- Standard Number:
OSHA requirements are set by statute, standards and regulations. Our interpretation letters explain these requirements and how they apply to particular circumstances, but they cannot create additional employer obligations. This letter constitutes OSHA's interpretation of the requirements discussed. Note that our enforcement guidance may be affected by changes to OSHA rules. Also, from time to time we update our guidance in response to new information. To keep apprised of such developments, you can consult OSHA's website at http://www.osha.gov.
March 29, 1999
Mr. Lawrence A. DeWitt
Manager of Safety Programs
Safety Management Services
Corning, New York 14831
Dear Mr. DeWitt,
This is in response to your letter dated February 8, 1999. You request OSHA to provide an interpretation of our standard relating to the transfer of Class I flammable liquids. In particular, you want to know OSHA's position on the bonding and grounding of plastic containers during the dispensing or transferring of Class I flammable liquids.
The requirements for bonding and grounding of containers during the transfer of Class I flammable liquids are contained in 29 CFR 1910, paragraph (e)(6)(ii). This paragraph does not specifically address plastic containers. However, in response to previous questions, similar to yours, on this issue, OSHA issued "OSHA Instruction STD 1-5.14-A" on October 24, 1980. I am enclosing a copy of this instruction for your information.
This instruction permits the storage and use of flammable and combustible liquids in plastic containers that meet the U.S. Department of Transportation specification. It further addresses the methods of bonding and grounding such containers during the transfer of Class I flammable liquids.
Our response to your question is as follows:
Question No. 1 If the source container is metal and the receiving container is nonconductive, do the bonding and grounding requirements apply?
Reply: The bonding and grounding of two non-conductive containers would seem unnecessary since non-conductive materials are insulators and therefore they cannot conduct a current through them. However, static electrical charge can be generated when two dissimilar materials pass quickly by one another (i.e., liquids flowing through pipes, even air). OSHA recognizes that there are many factors that affect the size and strength of the static charge or potential that may develop (i.e. speed of transfer, humidity, container size, and others). OSHA is concerned that any static charge that develops between two containers be equalized, if not eliminated, so that no potential for a static discharge between the containers exists. Therefore, OSHA will permit the transfer of Class I liquids between plastic or other non-conductive containers under the following conditions:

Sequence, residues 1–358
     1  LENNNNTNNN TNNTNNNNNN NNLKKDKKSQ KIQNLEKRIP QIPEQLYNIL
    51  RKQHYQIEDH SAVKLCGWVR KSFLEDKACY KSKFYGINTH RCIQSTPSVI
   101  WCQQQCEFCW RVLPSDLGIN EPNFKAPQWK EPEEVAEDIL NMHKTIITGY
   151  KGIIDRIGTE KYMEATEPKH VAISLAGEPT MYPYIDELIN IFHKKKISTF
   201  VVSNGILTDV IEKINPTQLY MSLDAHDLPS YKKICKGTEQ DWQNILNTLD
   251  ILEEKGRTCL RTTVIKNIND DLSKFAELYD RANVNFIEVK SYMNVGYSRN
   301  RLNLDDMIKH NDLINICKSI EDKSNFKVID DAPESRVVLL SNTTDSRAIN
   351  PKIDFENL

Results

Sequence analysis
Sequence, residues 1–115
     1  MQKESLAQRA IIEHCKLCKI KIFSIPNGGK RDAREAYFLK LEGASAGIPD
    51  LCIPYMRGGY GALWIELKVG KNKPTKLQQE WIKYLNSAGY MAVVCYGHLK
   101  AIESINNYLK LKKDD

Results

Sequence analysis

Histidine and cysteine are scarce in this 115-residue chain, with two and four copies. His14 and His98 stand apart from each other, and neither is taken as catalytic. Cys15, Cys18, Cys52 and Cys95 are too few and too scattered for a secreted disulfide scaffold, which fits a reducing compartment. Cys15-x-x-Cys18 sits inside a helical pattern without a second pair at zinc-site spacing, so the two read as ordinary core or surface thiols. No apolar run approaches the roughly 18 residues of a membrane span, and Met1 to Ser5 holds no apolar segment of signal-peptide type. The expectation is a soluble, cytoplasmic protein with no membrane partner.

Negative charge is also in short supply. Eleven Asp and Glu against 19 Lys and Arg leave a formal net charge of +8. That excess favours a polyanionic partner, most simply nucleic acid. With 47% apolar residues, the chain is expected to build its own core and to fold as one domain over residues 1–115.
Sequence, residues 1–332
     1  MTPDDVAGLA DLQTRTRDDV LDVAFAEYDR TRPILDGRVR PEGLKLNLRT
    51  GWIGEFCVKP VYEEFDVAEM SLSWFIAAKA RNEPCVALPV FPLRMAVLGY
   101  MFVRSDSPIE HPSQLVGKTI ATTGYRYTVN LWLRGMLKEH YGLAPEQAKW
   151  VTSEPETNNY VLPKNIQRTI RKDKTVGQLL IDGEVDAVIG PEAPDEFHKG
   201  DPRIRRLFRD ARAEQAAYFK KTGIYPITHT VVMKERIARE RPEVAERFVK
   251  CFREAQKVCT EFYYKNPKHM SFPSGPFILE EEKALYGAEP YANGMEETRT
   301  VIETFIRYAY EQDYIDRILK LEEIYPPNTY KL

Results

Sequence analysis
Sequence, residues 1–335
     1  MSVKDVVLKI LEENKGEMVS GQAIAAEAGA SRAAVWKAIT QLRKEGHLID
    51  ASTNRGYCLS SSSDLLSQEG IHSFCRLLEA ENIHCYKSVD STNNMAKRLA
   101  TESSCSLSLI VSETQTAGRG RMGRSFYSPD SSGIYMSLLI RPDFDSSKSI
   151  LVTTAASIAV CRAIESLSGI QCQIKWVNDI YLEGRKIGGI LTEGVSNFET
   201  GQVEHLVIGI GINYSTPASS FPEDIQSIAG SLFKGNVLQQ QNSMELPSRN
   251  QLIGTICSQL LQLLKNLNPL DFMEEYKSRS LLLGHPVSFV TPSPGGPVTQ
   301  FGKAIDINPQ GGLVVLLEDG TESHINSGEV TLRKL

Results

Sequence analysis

- A non-conductive container must be equipped with an approved metallic suction pump and draw tube for taking liquid from the top of a plastic container. The pump must be electrically grounded, or
- The non-conductive container must be equipped with a metallic, self-closing faucet that can be grounded electrically.
We suggest you refer to the National Fire Protection Association's Standard for Recommended Practice on Static Electricity (NFPA 77-1993) for further information on the control of static electrical discharges. Please refer to sections 4-8 and 7-8 of that standard.
Question No. 2 If both containers are nonconductive, what requirements apply?
Reply: OSHA believes this situation can be covered by our response to your first question.
Question No. 3 Does the container size and/or the amount of Class I liquid being transferred in a process where nonconductive containers are used dictate whether grounding and bonding is needed?
Reply: Yes, to some extent. The transfer of Class I flammable liquids between small containers may not require the use of special bonding and grounding techniques. As stated in NFPA 77-1993, "Containers of glass or other non-conductive materials of five gallons or less capacity are usually filled without special precautions." However, for larger containers, NFPA 77-1993 suggests that special techniques should be used for the handling of flammable liquids in plastic containers having capacities of 5 to 60 gallons. OSHA would consider compliance with the suggestions of NFPA 77-1993 regarding the bonding and grounding of plastic containers holding Class I flammable liquids as compliance meeting the intent of OSHA's standards in 29 CFR 1910.106, paragraphs (e)(6)(ii) and (d)(2)(iii).
If you have any questions, please contact [the Office of General Industry Compliance Assistance at (202) 693-1850].
Richard Fairfax, Director
Directorate of Compliance Program